Last week I attended the San Francisco Fancy Food Show and Food Fete (which I will be covering next week…), culinary events that give us permission to indulge in all the foods that occupy the very tip of the food pyramid. Sure, they have their healthy pavilions and the organic aisle, but let’s face it: At the end of the day, its mostly chocolate, olive oil, cheese, jam, caramel popcorn and artisan meat. However, it’s only twice a year, and it usually only takes two weeks to detoxify yourself and get back to normal.

The Fancy Food Show’s alter ego, the World of Healthy Flavors Conference (WOHF), held annually at the Culinary Institute of America (CIA) in St. Helena several days after Fancy Food, is the perfect contrast and natural way to correct the FFS damage! The conference is a three-day “invitational leadership retreat for chain restaurants, hotels, supermarkets and volume foodservice that brings together the best of world cooking and the latest in nutritional research.” But what does that really mean? Basically, for three days you alternate between lectures (educational, scientific and culinary demos) and eating the most delicious, healthy, flavorful and phenomenal food in the world.

The recipes are all hand-selected by world-cuisine experts and prepared by the culinary students at the CIA under the watchful eye of the renowned chef instructors. The world-cuisine experts included John Ash, Joyce Goldstein, James Sanchez, Suvir Saran and Michael Tuohy. We all watched in awe as they whipped up (on stage) Turkish zucchini pancakes, mushroom-stuffed rellenos, romesco sauce, farro and mushroom burgers, and dozens of other flavorful and healthful dishes.

I want to say that I learned lots of new nutritional information, but I have to admit: Most of what was said on stage was a reiteration of what my mom (an avid reader of all nutritional magazines) has been telling me for years. A few things I knew, but probably needed reminding, included:

Eat whole grains like spelt, kamut, barley, bulgar and quinoa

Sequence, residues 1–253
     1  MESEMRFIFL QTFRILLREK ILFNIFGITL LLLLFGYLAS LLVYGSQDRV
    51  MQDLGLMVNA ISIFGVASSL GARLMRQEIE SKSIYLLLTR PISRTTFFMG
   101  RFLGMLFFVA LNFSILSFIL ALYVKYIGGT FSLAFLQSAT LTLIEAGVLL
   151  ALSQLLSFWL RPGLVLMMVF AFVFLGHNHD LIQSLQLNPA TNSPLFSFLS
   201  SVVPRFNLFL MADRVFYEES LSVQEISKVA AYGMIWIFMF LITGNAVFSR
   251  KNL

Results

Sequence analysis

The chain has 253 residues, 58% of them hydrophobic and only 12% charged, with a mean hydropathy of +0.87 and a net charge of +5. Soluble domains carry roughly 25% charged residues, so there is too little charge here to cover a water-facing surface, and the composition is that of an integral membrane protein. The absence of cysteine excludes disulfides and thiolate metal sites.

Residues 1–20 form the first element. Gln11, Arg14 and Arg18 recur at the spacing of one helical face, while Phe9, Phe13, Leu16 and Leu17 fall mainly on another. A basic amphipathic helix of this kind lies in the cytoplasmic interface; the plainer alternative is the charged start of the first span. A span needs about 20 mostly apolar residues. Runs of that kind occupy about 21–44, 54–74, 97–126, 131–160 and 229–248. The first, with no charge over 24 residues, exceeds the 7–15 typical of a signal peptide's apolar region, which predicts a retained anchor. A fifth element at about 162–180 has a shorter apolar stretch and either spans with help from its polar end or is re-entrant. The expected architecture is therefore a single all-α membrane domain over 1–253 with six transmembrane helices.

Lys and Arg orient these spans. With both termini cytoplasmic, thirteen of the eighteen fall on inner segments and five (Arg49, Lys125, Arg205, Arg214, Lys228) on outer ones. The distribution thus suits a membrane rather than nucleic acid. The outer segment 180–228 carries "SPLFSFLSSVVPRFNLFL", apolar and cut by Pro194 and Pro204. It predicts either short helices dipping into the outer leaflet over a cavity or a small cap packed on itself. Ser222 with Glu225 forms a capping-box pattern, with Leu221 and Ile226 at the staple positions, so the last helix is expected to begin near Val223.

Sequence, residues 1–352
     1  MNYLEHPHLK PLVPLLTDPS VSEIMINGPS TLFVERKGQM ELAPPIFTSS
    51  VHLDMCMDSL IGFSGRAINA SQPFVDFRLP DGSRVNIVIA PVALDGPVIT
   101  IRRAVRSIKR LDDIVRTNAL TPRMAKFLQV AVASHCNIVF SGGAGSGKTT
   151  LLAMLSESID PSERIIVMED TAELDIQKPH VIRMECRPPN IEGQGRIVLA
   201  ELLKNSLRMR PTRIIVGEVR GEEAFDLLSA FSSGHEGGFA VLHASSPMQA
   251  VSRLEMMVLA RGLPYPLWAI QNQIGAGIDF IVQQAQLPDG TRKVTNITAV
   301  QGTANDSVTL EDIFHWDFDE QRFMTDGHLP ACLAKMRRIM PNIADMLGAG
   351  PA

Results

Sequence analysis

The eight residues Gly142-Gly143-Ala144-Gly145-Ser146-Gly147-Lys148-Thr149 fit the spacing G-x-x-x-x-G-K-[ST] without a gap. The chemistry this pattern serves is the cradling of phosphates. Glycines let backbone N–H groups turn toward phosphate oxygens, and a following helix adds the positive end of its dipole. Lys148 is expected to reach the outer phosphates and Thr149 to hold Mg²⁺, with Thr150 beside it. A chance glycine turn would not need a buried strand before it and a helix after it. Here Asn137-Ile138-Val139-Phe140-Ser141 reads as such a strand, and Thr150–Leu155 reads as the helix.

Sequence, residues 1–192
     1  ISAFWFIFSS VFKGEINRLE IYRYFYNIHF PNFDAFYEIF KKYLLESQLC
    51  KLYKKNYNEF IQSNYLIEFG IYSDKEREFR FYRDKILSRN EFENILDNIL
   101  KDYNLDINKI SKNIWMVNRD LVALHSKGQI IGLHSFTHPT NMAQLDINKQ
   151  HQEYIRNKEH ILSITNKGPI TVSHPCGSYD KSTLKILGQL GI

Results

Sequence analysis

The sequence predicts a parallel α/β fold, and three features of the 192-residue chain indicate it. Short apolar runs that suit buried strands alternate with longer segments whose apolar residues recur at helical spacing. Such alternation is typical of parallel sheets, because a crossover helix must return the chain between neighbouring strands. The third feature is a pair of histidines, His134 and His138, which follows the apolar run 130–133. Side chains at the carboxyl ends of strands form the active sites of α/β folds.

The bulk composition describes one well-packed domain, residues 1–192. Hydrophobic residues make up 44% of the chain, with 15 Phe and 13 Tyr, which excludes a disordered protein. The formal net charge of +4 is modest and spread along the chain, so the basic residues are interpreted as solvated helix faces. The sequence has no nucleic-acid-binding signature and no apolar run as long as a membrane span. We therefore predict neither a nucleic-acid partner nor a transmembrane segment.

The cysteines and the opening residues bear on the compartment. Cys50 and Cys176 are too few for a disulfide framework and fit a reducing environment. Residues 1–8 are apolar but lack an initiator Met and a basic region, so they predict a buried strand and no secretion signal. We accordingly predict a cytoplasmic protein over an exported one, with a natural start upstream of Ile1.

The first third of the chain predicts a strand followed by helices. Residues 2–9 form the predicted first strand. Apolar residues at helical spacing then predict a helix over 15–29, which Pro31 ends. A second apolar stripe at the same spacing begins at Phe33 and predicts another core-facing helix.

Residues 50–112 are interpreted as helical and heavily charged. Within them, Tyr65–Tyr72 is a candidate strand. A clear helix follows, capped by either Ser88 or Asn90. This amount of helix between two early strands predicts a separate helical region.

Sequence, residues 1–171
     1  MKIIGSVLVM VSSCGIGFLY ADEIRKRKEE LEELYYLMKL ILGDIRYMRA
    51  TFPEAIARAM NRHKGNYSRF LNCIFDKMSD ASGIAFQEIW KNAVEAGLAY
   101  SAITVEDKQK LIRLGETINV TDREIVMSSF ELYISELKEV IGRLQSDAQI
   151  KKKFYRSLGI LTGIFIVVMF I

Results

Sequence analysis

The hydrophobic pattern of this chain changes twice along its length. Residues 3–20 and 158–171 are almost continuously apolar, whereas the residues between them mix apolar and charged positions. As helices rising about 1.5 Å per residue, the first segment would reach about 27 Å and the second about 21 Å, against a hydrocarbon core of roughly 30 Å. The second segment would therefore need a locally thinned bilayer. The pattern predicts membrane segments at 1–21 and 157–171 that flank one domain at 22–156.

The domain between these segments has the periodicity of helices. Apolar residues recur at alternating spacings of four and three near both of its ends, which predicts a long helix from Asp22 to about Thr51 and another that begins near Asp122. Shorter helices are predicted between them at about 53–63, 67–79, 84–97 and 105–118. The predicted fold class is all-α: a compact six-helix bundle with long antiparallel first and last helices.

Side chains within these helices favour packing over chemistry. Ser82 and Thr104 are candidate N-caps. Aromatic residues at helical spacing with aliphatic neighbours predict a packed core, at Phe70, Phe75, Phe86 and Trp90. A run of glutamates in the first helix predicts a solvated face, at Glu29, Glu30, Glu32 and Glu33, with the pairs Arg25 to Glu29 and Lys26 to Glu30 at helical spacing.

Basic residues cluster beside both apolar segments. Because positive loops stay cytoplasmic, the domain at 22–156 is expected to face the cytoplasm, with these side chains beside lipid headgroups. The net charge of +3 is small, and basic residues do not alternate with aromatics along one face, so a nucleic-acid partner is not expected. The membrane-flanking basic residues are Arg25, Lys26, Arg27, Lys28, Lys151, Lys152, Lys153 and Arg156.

Better to eat whole fruit over fruit juices

Eat five servings of fruits and vegetables a day, and two servings of fish a week

Eliminate the trans fats and minimize the saturated fats

“Processed” (in the evil sense, not the basic sense) foods have a high glycemic index, they are absorbed quickly and spike the blood sugar, so go for more low-GI foods which are slowly absorbed (see the Sydney University Glycemic Index website for more details)

 Then there were a few points that I never thought of, but make perfect sense, including:

Eat a variety of nuts and try to highlight them in meals for flavor, richness and texture—nuts are rich in the good fats (the healthy, unsaturated ones)

Experiment with legume and nut flours (chickpea, lentil, peanut, almond) to make breads and pasta

Crushed lentils can be used as a breading

Consume one or more good source of omega-3 fatty acids every day (fish, walnuts, flax seed, canola oil)

Like all the shows I attend, I ate lots of food at WOHF. However, unlike other shows, I didn’t feel bloated and lethargic, but energized and satisfied. As the conference went on, I started envisioning myself spending more time buying and cooking vegetables and making them flavorful with monounsaturated fat dressings and sprinklings of nuts. I became excited about changing my ways and was inspired by all of the amazing foods being served to us at every breakfast, break, lunch and dinner.

No more trans fats or french fries, I vowed! From this day forward, I would be a whole-grain-eating, MUFA-fat-loving, ancient-grain-cooking, good-carbs-worshiping foodie!

But that all went out the window when Chris Schully, executive chef at Taylor Farms and RCA member invited me to join him and his 14 best friends for an intimate dinner at Bouchon Bistro

5 Servings of Vegetables a Day!

. Ooooohhhh, temptation … the black-truffle fries, pork belly, profiteroles, and salmon rillette… Could I resist?

Of course not! I may have just become a healthy-eating convert, but I ain’t stupid! However, I did behave myself and tried to focus on the seafood platter and even ordered a salad for dinner, which paired so well with the salmon rillette, poitrine de porc and boudin. The conference went on for three days. The last day, however, went beyond the lectures and eating sessions. “Produce First” was the special day where chefs, menu developers, suppliers, sponsors, CIA faculty members and “media” (like me) were divided into teams for hands-on cooking in the fabulous CIA kitchens.

About Rachel Zemser